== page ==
Flotsam by David Wiesner

Standard

Wiesner, David.  Flotsam.  Clarion, 2006.  $17, 40 pages.

Link to Author’s Website:  http://www.davidwiesner.com/

Links to Interviews with Author:

Links to Reviews Available Online:

Reader’s Annotation:

A camera washed up on the beach yields surprising photos of the underwater world.

Summary:

An inquisitive boy spends a day at the beach inspecting various sea life and beach things (flotsam).  When he finds an old camera washed up on the beach, he brings the film to be developed and is amazed at the pictures that appear.  The photographs start with usual images of sea life that one might expect to find in the ocean, but soon progresses into amazing sights.  From sea turtles with cities on their backs, to underwater aliens in flying (swimming?) saucers, to mechanical wind-up fish, and an octopus family relaxing in their living room, the sea appears to be full of wonderful creatures and adventures.  Upon closer inspection of a portrait of another child holding another picture, the boy also finds a legacy of children who have found the camera before him, from all over the world and from all different times.  He adds his own picture before sending the camera on to its next amazing journey.

Evaluation:

This beautifully illustrated wordless picture book shows how truly a picture is worth a thousand words.  The story is told using a series of pictures that follow sequentially.  Smaller pictures tell the story with details that lead to larger full page pictures.  Because there are no words, it is left to the reader to determine what to take away from the pictures.  The illustrations play with different perspectives and points of view, not only from that of the mysterious and unknown users who snapped the underwater shots, but even from the “narrator” who starts off investigating a starfish in a closeup that makes the starfish look like a giant.  From that first picture, Wiesner already asks the reader to question what they see and to think about perspective influencing what is seen.  The continuity of his message across places and times is paralleled by the picture within a picture within a picture that the narrator himself takes part in when he takes his own picture with the picture to continue the cycle.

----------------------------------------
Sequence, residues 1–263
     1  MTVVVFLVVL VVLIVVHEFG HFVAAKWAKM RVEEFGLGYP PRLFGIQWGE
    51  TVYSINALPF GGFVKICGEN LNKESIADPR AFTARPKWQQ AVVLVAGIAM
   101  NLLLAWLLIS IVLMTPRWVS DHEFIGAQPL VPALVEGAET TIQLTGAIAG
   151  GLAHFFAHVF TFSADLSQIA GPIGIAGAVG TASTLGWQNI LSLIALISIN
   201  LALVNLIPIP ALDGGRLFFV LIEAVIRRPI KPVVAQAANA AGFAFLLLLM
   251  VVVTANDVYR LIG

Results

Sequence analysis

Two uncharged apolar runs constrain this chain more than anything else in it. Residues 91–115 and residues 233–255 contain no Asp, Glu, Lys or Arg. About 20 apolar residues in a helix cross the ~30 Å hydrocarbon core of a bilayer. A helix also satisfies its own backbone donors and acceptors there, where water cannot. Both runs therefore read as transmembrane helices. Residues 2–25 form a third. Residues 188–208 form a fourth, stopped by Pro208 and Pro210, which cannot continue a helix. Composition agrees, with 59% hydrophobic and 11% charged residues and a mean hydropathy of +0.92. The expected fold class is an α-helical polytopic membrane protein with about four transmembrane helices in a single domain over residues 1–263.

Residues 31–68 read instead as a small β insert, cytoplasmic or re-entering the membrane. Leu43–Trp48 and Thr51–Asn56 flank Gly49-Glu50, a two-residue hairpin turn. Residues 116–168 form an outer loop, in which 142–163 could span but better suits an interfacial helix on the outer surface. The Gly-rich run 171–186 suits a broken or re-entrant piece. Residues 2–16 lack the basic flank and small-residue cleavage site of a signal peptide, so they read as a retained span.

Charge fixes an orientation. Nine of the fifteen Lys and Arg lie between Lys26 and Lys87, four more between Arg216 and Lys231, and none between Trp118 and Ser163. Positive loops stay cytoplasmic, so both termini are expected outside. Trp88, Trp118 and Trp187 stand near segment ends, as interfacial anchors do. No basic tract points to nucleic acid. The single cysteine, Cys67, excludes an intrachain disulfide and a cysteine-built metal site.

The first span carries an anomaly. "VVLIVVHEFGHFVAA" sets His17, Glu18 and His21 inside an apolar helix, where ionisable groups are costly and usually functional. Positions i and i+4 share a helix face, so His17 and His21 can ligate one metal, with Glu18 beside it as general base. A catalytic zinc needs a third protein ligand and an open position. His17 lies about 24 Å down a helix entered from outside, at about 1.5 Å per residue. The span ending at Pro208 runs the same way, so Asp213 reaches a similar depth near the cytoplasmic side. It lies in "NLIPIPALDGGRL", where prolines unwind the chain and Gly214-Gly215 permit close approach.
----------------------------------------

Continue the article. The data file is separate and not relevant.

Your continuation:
Rating Scale:

  • Popularity:1 – Would sit on shelves unread; 2 – May see the light of day as an assigned reading; 3 – Interesting to readers, may need marketing; 4 – Very appealing read, ; 5 – Need multiple copies, because it would always be checked out!
  • Quality: 1 – How was this book ever published?; 2 – Poor literary quality; 3 – Average literary quality, nothing stands out as exceptional; 4 – Overall high quality literary quality, with certain areas of exceptional literary quality; 5 – Well-crafted of the highest literary quality
  • Popularity: 4
  • Quality: 5

Genre and Subgenre:  picture book, modern fantasy

Appeal Factors:  wordless, ocean life, beach, use of imagination, fantastical illustrations

Readalike Titles or Authors:

  • Sector 7 by David Wiesner
  • Jumanji by Chris Van Allsburg
  • The Red Book by Barbara Lehman

Awards Won and Book Lists:

  • 2007 Caldecott Medal Winner

Booktalking Ideas:

  • Finding the camera, getting the film developed
  • Picture of the underwater city
  • Children with picture within a picture

Book Discussion Questions or Ideas:

  • Who took the pictures?
  • Where did the camera come from?
  • What would you take pictures of?

Why I Chose This:

The fact that this book was a wordless book was what initially drew me to selecting the title (which was also a fascinating title).  Then, the wonder of the plot was appealing with this amazing camera documenting these strange and unbelievable scenes.  Finally, the beautiful illustrations cinched the deal.

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